Maybel Simpson's selection as Sheriff caught the attention of several newspapers, where small articles were printed. One story praised the selection, saying "Mrs. Simpson is regarded as thoroughly capable of handling the administrative affairs of the office while McElwain is possessed of a cool head in the face of danger."

Horsfall, the man who beat Simpson in the 1922 election, served two, four-year terms and was succeeded by Ted McElwain, who also spent two, four-year terms as Sheriff of Lincoln County. In 1939, George Robinson began serving the first of what should have been two, four-year terms, but he died in office in 1945 and was replaced by Timothy P. Welp, Lincoln County's Chief Deputy since 1939.

Welp was born in Seneca, Kansas in 1899 and later moved to the coastal county. He was Chief Deputy for six years before he was appointed to take Robinson's place after he died.

Welp was nearing his eighth year as Sheriff when he resigned and was replaced by W. H. Kuhlenbeck, who served as Sheriff of Lincoln County until 1955.

Jack Waterman, step-son of Sheriff George Robinson, spent three consecutive four-year terms as Sheriff of Lincoln County from 1955 to 1967.

Everett Melvin Hockema, a native of Lincoln County, succeeded Waterman and also ended up spending three, four-year terms as county Sheriff. Hockema was born in Alsea and attended high school in Waldport. He spent 17 years -from 1947 to 1964 -- with the Oregon State Police. He left the State Police to become an agent for Atlantic Richfield Company before running for Sheriff in 1966.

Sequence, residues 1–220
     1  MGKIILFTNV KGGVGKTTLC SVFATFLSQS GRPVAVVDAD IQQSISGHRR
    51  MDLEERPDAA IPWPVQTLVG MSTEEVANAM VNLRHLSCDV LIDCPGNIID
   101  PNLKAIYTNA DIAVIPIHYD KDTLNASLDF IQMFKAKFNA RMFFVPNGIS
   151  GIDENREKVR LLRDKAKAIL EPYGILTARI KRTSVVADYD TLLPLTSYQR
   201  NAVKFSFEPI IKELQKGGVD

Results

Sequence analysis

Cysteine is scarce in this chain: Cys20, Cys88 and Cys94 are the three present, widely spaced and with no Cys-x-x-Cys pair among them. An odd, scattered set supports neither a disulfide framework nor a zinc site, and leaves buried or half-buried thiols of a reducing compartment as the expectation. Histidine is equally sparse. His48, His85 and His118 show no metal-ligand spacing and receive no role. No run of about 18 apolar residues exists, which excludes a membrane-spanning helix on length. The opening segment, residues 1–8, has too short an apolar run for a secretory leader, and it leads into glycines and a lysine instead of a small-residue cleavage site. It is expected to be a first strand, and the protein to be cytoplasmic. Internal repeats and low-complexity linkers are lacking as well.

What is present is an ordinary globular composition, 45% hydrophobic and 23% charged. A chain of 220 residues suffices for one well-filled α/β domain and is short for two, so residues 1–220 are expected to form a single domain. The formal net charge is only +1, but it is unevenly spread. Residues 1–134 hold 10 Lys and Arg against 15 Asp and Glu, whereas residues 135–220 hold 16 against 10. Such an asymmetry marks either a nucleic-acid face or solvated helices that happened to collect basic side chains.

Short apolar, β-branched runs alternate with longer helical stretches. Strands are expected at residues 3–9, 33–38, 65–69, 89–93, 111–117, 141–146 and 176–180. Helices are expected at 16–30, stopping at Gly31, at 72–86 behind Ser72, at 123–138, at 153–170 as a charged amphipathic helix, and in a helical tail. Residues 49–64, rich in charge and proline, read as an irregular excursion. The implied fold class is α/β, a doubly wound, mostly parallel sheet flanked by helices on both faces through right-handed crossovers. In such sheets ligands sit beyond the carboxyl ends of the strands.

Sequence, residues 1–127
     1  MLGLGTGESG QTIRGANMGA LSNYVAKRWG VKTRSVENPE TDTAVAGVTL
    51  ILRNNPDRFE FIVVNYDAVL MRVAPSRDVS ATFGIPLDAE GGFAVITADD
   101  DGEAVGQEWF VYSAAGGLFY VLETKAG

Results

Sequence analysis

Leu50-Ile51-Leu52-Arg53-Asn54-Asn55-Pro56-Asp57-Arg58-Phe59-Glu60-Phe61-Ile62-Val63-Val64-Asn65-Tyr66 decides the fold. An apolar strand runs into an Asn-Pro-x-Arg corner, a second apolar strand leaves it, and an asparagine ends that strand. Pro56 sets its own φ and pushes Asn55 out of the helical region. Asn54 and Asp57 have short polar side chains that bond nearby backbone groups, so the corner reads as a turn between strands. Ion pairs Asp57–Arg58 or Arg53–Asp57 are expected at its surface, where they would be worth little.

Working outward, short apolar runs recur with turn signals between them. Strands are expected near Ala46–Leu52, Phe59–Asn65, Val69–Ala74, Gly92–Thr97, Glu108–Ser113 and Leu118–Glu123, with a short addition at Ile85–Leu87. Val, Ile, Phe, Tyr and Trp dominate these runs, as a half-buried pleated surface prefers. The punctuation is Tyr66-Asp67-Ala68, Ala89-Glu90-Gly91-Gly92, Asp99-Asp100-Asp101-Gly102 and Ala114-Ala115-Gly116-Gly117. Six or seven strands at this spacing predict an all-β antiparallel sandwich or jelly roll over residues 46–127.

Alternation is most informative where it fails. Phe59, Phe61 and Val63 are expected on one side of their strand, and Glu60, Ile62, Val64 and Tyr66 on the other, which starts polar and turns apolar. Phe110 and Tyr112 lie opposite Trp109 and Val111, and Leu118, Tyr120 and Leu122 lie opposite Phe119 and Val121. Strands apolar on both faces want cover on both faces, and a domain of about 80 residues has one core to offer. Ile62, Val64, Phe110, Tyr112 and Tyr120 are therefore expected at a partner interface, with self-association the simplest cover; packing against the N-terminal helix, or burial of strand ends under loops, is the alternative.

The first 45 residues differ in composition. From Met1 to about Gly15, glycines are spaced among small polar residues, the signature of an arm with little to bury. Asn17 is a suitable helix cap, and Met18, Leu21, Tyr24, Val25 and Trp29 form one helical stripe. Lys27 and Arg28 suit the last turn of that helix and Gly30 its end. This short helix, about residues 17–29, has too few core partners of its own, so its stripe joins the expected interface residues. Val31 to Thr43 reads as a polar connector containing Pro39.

Norman L. Counts, a Eugene native, was elected to succeed Hockema and served as Sheriff until his resignation in September, 1982, when Spencer was appointed to take his place.

Counts worked for a number of law enforcement agencies, including the Myrtle Point Police Department, Coquille Police Department and the Toledo Police Department. With the Lincoln County Sheriff's Office, he was a resident Deputy in 1976. He left the Sheriff's Office in 1978 to become an investigator for the Lincoln City Police Department.